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The mysterious murder of an environmental activist leads her straight-laced father, an Inspector of the local police force, through a haunting revelation of the murkiness of the British Nuclear Policy of the eighties. Written by
Bryn Coope <firstname.lastname@example.org>
Millions of years ago when the Earth was cold, it looked like life on the planet would cease to exist. But black flowers began to grow, multiplying across the landscape until the entire surface was covered in blooms. Slowly, the blackness of the flowers sucked in the heat of the sun and life began to evolve again. That is the power of Gaia. The planet will protect itself. If man is the enemy, it will destroy him.
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Produced at the height of the nuclear paranoia and economic gloom that drove the Britain of Margaret Thatcher and the USA of Ronald Reagan, Troy Kennedy Martin's landmark drama broke new ground and handled uncomfortable subjects with sometimes unsettling depth and accuracy.
The late Bob Peck, in one of television's greatest performances, is Ronald Craven, a Yorkshire detective whose daughter Emma (Joanne Whalley) is gunned down outside their house in what is initially assumed to be a revenge attack related to Craven's former, and shadowy, intelligence past in Northern Ireland. The plot unwinds from here and slowly reveals a grand, all-encompassing conspiracy extending to the very highest levels as Craven investigates the circumstances of, and the motives behind, his daughter's death.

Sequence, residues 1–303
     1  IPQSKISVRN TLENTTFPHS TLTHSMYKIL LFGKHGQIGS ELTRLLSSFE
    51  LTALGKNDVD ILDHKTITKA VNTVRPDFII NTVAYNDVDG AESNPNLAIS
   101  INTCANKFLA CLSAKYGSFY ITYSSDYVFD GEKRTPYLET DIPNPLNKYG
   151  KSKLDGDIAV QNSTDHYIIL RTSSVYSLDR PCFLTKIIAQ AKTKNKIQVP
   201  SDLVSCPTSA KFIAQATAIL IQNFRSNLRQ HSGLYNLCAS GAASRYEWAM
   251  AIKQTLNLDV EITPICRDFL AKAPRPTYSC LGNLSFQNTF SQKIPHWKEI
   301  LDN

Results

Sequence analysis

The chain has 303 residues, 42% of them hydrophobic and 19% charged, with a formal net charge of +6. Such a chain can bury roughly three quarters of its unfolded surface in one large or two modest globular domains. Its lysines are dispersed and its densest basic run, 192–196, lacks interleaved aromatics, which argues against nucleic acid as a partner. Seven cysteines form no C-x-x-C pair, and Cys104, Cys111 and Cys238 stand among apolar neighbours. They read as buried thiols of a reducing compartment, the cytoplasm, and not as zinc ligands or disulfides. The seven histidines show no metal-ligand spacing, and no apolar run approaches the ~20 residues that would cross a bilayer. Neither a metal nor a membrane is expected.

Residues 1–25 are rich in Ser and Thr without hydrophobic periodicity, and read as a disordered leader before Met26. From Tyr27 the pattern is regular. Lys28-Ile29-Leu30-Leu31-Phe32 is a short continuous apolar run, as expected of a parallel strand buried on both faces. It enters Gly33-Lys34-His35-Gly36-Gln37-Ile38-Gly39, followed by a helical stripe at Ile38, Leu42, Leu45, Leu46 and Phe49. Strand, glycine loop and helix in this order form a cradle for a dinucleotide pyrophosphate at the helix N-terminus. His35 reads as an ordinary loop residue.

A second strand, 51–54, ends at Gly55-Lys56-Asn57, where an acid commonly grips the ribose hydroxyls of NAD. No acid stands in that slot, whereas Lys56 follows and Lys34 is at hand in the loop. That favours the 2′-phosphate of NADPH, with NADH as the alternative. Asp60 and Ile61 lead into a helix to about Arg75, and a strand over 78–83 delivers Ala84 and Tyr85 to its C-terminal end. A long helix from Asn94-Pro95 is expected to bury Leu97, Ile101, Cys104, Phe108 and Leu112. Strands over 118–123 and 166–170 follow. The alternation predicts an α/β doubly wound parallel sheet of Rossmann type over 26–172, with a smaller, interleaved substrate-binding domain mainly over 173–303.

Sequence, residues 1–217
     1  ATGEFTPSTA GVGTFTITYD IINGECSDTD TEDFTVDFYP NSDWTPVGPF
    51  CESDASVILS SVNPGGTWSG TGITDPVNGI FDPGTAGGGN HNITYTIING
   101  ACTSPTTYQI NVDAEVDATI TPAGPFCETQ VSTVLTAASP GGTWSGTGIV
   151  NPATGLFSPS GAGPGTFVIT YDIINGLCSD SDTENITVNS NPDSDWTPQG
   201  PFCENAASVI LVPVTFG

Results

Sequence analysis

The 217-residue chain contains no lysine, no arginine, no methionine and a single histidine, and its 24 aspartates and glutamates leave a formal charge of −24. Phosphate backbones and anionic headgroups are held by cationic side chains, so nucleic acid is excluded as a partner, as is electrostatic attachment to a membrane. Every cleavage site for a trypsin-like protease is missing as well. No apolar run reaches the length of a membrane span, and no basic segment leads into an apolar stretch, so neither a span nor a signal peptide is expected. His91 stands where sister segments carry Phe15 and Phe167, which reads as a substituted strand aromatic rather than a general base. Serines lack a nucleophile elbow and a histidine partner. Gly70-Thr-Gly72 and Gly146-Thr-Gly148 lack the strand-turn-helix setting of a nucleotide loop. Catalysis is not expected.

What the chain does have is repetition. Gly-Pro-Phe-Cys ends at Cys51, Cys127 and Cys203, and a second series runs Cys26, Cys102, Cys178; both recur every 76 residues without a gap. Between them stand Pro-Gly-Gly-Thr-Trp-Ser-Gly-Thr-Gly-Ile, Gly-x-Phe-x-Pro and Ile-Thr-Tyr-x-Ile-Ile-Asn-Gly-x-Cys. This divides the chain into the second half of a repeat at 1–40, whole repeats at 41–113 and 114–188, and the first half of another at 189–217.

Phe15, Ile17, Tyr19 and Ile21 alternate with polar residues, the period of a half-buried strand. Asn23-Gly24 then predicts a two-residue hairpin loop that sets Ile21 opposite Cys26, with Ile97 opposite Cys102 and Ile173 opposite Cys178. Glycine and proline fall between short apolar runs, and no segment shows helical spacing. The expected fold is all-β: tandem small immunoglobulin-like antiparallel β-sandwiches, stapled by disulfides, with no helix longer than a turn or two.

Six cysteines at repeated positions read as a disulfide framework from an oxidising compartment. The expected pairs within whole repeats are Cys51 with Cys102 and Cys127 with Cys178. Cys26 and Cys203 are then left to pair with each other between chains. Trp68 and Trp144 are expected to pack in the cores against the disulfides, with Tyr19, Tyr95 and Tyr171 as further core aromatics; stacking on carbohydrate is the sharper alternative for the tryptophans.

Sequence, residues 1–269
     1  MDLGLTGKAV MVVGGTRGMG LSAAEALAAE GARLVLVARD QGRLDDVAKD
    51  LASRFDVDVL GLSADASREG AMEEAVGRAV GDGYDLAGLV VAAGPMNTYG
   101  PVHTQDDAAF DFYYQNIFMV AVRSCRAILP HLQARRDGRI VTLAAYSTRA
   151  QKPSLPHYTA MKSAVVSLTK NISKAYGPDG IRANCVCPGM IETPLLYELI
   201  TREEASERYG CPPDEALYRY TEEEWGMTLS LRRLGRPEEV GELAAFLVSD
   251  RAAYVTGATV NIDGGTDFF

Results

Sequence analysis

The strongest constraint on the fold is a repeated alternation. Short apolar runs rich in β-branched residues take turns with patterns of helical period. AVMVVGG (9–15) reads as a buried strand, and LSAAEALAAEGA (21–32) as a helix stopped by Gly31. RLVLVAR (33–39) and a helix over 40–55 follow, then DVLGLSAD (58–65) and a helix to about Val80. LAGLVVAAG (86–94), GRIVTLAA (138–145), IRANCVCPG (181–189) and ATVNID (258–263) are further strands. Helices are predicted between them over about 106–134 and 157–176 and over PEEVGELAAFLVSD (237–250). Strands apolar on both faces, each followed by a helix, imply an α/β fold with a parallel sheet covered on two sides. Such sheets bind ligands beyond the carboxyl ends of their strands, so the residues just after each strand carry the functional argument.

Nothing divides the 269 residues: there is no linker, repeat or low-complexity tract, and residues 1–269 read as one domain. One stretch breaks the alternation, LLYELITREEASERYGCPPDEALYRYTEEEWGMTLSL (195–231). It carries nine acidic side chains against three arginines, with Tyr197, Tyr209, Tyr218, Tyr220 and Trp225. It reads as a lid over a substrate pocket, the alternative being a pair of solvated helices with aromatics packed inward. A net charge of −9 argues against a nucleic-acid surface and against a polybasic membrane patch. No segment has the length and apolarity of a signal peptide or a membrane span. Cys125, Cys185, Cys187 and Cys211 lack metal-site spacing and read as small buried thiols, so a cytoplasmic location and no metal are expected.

Peck plays Craven with a subtle emotional intensity rarely seen on television, the deadpan delivery of a man in the depths of grief contrasted by the emotions which his eyes always betray. A supporting cast of renegade CIA agents (Joe Don Baker giving the performance he was born for as brash Texan Darias Jedburgh), amiable but slightly sinister civil servants who never quite make it clear who they're working for (Charles Kay and Ian McNeice as Pendleton and Harcourt), environmental activists, trade-unionists, police and self-serving politicians make for a plot that twists and turns unpredictably as Craven's grief-powered explorations lead him ever deeper into the shadows, until the final, devastating, unexpected dénouement in the last episode that almost leaves more questions in the mind of the viewer than it answers.
This is British television drama at its best. Making it in the first place was a brave decision for the BBC, and it hasn't been bettered since. The plot sometimes seems slow at times, but there's always something relevant happening on screen. I do not recommend starting watching half-way through, as you will end up with an incomplete understanding of both the message of the story and the convoluted plot. Take the phone off the hook for five hours and enjoy. It is superb in all aspects from writing to casting to production, and exercises the mind in a way that few dramas do.
Incidentally - the original DVD release received poor reviews, but the 2003 re-release on a BBC DVD is excellent and includes some worthwhile extras as well as the complete uncut series.
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